Monday, October 12, 2009

Economics 12/10/2009: Ethics learning curve

Today, I received the following mass email from Trinity College Admin:

"On Mon, Oct 12, 2009 at 5:03 PM, Secretary wrote:
Dear Colleague,

I am pleased to announce that the Equality Fund 2009-2010 is now accepting applications for innovative and creative projects promoting equality and diversity in College. ...The themes selected for this year are:
  • Enriching the inclusive College community
  • Mental health and equality
  • 'Treat others as they would like to be treated' (developing dignity and respect)
  • Men and women in College: achieving full participation and potential
  • Challenging Stereotypes..
Kind regards...

What did catch my attention is the third bullet point above. The theme dictum is "Treat others as they would like to be treated".

Trinity College is packed with smart and erudite women and men. I wonder how many of them have thought this to be an unfortunate (philosophically-speaking) attempt to establish a moral imperative rule. Unfortunate because as with all moral imperatives, the nobility of intentions might lead to an unintended consequence.

Imagine you are facing a person who might wish to inflict self-harm. Should you 'threat him as he would like to be treated'? Or you are facing a person who wishes to engage in an act you find repulsive? Or morally objectionable? Or legally wrong?

In ethics, it is widely recognized that moral imperatives do not provide sound grounds for ethical judgments or action. May be Trinity's Administration can acquaint itself with philosophy 101?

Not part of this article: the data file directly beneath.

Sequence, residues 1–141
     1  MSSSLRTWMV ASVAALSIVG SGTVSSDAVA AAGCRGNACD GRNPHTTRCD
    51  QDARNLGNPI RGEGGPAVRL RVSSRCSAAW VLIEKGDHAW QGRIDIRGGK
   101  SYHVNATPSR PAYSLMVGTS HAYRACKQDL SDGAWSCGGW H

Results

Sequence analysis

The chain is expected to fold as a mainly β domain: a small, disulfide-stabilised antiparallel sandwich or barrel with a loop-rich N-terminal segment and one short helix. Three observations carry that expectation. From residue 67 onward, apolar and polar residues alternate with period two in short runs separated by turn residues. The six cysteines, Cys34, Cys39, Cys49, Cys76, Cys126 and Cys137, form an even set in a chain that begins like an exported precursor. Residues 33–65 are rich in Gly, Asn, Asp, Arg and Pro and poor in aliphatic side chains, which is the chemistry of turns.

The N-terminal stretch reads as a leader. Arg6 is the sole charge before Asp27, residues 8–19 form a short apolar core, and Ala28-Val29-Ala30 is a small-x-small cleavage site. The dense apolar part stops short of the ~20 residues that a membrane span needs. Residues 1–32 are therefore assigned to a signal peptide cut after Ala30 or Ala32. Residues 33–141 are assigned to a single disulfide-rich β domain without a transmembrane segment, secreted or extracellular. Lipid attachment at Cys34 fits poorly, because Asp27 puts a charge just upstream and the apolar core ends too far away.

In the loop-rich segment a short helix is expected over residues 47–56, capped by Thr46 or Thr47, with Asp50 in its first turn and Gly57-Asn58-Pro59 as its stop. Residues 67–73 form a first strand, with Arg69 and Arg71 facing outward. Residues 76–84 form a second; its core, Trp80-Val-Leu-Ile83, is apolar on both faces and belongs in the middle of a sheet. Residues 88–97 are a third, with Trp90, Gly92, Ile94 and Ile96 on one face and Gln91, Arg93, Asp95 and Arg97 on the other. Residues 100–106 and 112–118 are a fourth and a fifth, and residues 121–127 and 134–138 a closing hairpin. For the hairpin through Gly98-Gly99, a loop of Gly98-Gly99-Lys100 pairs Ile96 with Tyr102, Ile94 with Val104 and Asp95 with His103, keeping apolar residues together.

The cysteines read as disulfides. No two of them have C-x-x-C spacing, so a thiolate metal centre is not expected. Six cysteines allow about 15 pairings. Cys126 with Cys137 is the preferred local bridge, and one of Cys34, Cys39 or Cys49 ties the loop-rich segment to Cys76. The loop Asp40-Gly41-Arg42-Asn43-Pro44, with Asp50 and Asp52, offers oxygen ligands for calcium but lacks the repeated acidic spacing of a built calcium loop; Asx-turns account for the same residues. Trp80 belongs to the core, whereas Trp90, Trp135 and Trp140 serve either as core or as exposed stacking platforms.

David Quin said...

“… an unfortunate (philosophically-speaking) attempt to establish a moral imperative rule”? I think it’s worse than that: an example of that woolly-headed, ‘let’s be nice to everyone’, soft but self-righteous thinking that came out of the social ‘sciences’.

The ‘golden rule’ (do to others what you would like to be done to you) may have its flaws (a sadist is a masochist who follows the golden rule) or may, as some claim, be self-correcting, but this post-modernist alteration of it (treat others as they would like to be treated) barely merits a moment’s thought.

Anyway, most of us will go on, consciously or otherwise, treating others as we have been treated.

Anonymous said...

You cannot have ethics when the laws of the country remain unenforced.
As you made an example let me post one too.
There is a serious problem with illegal immigration into Ireland .The laws regarding illegal immigration are largely unenforced.
People and organisations with certain world views advocate allowing these illegal immigrants remain here and that it would be unethical to deport them given that so many Irish people went to other countries.Their world views have become policy in Ireland.
There have been persistent campaigns by such groups as the immigration council of Ireland to prevent the enforcement of our laws and they have been extremely successful.They advocate this line on ethical and moral grounds but ignore the fact that this is subversive of our democracy.

The laws of the land are there to be obeyed and enforced with complete equality.Unfortunately they are n't .So stereotypes flourish and often those stereotypes are true for the ordinary persons experience .

In this atmosphere ethics morphs into and imposed and oppressive idealogy.In my view ethics only exists where the rule of law is paramount.
What we have in Ireland in most areas of life is anarchy.


Anonymous said...

This is certainly woolly-headed but only because it doesn't develop the implicitly Kantian basis for the notion of "treat others as they would like to be treated". As per Kant, a desire for self-harm is a desire to denigrate one's own dignity, and hence inconsistent with the rationality of the human subject. In other words, a desire for self-harm does not reflect one's true, latent rational desires and it is these which should form the basis for how we treat others.